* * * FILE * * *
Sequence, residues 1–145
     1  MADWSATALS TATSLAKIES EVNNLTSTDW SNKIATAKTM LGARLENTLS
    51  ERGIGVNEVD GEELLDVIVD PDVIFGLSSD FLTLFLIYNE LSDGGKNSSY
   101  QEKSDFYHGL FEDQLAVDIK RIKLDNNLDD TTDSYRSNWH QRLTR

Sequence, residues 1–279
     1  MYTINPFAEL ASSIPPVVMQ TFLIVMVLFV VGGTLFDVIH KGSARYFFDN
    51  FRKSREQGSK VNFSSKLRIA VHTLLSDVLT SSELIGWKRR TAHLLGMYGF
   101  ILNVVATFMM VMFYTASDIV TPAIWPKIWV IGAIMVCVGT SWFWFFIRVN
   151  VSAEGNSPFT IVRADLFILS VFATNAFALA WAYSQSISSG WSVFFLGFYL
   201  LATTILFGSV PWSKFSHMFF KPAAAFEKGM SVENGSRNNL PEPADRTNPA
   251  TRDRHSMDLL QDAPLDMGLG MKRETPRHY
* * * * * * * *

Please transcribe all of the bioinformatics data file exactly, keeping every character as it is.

Sequence, residues 1–145
     1  MADWSATALS TATSLAKIES EVNNLTSTDW SNKIATAKTM LGARLENTLS
    51  ERGIGVNEVD GEELLDVIVD PDVIFGLSSD FLTLFLIYNE LSDGGKNSSY
   101  QEKSDFYHGL FEDQLAVDIK RIKLDNNLDD TTDSYRSNWH QRLTR

Sequence, residues 1–279
     1  MYTINPFAEL ASSIPPVVMQ TFLIVMVLFV VGGTLFDVIH KGSARYFFDN
    51  FRKSREQGSK VNFSSKLRIA VHTLLSDVLT SSELIGWKRR TAHLLGMYGF
   101  ILNVVATFMM VMFYTASDIV TPAIWPKIWV IGAIMVCVGT SWFWFFIRVN
   151  VSAEGNSPFT IVRADLFILS VFATNAFALA WAYSQSISSG WSVFFLGFYL
   201  LATTILFGSV PWSKFSHMFF KPAAAFEKGM SVENGSRNNL PEPADRTNPA
   251  TRDRHSMDLL QDAPLDMGLG MKRETPRHY